>>> > > requires(). Basically mapping all the old IDs with real file paths.
>>> >
>>>
>>> Just want to clarify that app code can still call
>>> cordova.require('module/name'), or
>>> cordova.require('org.my.plugin.module')
>>> at runtime?
>>>
>>>
>>> > >
>>> > > I modified plugman/prepare to use cordova-js as an npm module
>>> dependency
>>> > > and build a cordova.js with all the plugins.
>>> >
>>> > clobbers/merges are supported as well. I am not sure what runs does
>>> but I
>>> > > am guessing it's code that should run onload? If that is the case
>>> then
>>> > > everything always runs onload with browserify (no need to require()).
>>> >
>>> <runs/> means that the module will be require()d on start-up after all
of
>>> the other modules have been mapped to their symbol paths.
>>>
>>> To be clear, this means that all modules will be parsed, and they they
>>> will
>>> all be require()'ed at start-up? Why would you want to do this?
>>>
>>
>> I don't think its true that browserify does require() all modules on
>> startup.  We must absolutely support some form of runs, since plugins
>> depend on this for correctness.
>>
>>
>>>
>>>  >
>>> > > Some random thoughts for the future:
>>> > > - clobbers/merges/runs should be useless. plugins should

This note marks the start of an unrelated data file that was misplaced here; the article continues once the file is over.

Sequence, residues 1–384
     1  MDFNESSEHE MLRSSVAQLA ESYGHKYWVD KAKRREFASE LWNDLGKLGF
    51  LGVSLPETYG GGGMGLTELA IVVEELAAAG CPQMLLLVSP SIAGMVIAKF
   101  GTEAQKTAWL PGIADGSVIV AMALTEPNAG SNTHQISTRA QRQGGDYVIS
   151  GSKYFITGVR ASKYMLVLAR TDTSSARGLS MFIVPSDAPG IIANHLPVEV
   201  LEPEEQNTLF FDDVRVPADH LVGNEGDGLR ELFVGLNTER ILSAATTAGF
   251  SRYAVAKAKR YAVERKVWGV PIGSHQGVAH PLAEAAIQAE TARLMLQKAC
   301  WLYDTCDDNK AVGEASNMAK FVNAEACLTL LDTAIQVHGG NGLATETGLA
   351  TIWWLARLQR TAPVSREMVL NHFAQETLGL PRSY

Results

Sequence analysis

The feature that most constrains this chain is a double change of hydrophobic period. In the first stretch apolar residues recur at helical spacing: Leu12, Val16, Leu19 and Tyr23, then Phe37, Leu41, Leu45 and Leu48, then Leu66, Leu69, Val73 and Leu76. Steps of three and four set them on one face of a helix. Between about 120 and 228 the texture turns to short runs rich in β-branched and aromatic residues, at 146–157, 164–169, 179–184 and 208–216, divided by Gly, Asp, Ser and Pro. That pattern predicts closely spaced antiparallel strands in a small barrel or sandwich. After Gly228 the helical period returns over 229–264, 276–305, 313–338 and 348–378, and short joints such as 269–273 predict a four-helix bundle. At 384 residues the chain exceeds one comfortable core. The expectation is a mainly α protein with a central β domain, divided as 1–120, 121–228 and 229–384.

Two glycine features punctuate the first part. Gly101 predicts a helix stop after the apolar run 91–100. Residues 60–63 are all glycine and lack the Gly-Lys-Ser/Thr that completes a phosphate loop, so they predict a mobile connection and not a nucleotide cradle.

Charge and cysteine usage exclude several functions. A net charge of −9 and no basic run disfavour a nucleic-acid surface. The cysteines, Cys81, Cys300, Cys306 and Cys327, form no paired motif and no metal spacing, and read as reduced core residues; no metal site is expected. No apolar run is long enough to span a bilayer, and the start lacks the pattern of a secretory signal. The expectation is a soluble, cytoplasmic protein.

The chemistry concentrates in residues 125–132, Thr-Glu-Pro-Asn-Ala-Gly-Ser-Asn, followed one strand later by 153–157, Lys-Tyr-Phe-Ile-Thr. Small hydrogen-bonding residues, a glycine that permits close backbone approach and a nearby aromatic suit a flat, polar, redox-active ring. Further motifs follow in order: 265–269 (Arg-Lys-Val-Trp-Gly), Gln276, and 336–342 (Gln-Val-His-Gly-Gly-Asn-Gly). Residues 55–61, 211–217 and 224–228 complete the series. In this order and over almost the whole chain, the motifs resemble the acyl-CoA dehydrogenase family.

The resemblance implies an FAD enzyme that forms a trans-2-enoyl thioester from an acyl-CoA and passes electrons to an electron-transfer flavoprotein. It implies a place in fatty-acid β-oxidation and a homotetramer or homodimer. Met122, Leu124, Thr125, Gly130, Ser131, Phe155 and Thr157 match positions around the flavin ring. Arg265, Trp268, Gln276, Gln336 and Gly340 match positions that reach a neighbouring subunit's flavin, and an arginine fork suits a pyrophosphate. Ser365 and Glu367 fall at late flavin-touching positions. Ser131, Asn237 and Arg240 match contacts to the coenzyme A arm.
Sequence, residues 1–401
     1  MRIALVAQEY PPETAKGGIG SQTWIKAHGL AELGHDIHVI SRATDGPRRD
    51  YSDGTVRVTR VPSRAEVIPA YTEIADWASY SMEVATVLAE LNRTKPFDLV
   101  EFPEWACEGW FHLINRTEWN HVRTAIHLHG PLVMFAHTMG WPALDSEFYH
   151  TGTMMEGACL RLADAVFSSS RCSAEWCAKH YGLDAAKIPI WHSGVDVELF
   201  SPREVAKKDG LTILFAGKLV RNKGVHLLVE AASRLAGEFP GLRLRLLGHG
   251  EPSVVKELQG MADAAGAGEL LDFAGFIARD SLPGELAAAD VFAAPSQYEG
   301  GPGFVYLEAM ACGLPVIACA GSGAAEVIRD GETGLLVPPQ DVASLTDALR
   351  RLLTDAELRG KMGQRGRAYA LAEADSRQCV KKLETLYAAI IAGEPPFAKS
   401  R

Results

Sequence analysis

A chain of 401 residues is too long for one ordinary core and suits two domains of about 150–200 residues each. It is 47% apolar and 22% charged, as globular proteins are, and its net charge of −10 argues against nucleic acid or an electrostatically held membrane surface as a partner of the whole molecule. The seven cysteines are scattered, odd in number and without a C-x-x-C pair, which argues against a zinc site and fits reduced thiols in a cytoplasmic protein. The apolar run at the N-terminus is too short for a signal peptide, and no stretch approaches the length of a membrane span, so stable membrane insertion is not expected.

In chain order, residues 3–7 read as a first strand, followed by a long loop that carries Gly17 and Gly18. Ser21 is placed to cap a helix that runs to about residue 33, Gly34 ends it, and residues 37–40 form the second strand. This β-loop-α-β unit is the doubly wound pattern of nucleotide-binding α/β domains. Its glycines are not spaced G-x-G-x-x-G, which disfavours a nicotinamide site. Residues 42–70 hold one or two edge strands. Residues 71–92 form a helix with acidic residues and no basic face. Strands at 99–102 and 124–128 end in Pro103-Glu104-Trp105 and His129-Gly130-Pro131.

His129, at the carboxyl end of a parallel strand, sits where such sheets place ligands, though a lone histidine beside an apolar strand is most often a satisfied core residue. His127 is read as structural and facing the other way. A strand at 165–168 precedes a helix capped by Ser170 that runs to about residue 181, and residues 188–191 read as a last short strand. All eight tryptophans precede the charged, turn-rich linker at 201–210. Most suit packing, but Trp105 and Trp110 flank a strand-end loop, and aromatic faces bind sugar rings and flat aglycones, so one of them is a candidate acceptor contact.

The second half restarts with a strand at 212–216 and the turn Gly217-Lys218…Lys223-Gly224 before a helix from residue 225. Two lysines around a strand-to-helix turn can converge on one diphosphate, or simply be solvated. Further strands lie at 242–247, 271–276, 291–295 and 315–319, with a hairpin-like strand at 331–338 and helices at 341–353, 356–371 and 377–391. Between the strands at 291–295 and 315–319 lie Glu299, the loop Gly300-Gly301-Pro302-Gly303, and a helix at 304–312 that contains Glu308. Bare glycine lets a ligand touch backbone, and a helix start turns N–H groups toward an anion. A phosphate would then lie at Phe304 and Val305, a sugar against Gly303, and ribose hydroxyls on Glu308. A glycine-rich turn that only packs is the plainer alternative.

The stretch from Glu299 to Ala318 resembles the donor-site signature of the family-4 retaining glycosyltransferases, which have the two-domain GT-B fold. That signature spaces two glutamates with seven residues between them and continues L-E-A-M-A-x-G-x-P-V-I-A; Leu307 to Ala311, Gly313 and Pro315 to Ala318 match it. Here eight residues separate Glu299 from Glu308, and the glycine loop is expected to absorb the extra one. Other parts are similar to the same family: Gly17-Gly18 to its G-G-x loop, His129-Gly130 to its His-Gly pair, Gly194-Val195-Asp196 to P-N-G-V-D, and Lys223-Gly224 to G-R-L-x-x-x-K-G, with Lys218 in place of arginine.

>>> clobber/merge if
>>> > > they want/need to. Each plugin can just be written as a commonJS
>>> module.
>>> >
>>> I don't think getting rid of <merges>,<clobbers>,<runs> is
an
>>> improvement.
>>> 1. Clobbering symbols can sometimes be hard (e.g. there is special code
>>> for
>>> clobbering properties). It's also now more code that all modules
>>> exporting
>>> symbols will have to write.
>>>
>>
>> In full honesty, we could just ship a cordova plugin that defines
>> clobbers/merges/etc helpers.  Many javascript libraries do this.
>>
>>  However, while in hindsight I think we should probably not have added
>> first class support for these tags, right now it seems like an unnecessary
>> pain to drop support for them.  Maybe its not a big deal, lets take a look
>> at the plugin registry.. we could probably just reach out to every single
>> plugin author if we wanted to honestly, cordova dev community wrote at
>> least half of total plugins.
>>
>>
>>> 2. It removes our ability to have modules that are mapped to symbols
>>> lazy-loaded (e.g. don't load the module until the first time the symbol
>>> path is referenced).
>>>
>>
>> Well, I was thinking about this more generally: <runs/> is pretty
>> heavyweight right now, you are right.  But perhaps we should brainstorm
>> ways to just have "startup" code split out from "require" code to have all
>> startup code run fast.
>>
>> I did something like this for tests: by convention, any js-module named
>> "test" is included in the test suite on startup.  We could document that
>> any module named "main" will be required() on startup, and then plugins can
>> ship a separate "main" js-module if they want a "runs" and use our
>> clobbers/merges helpers from there.
>>
>> Again, not sure we want this pain, but it would remove some of our
>> tooling code out into userland, which I think is good.
>>
>>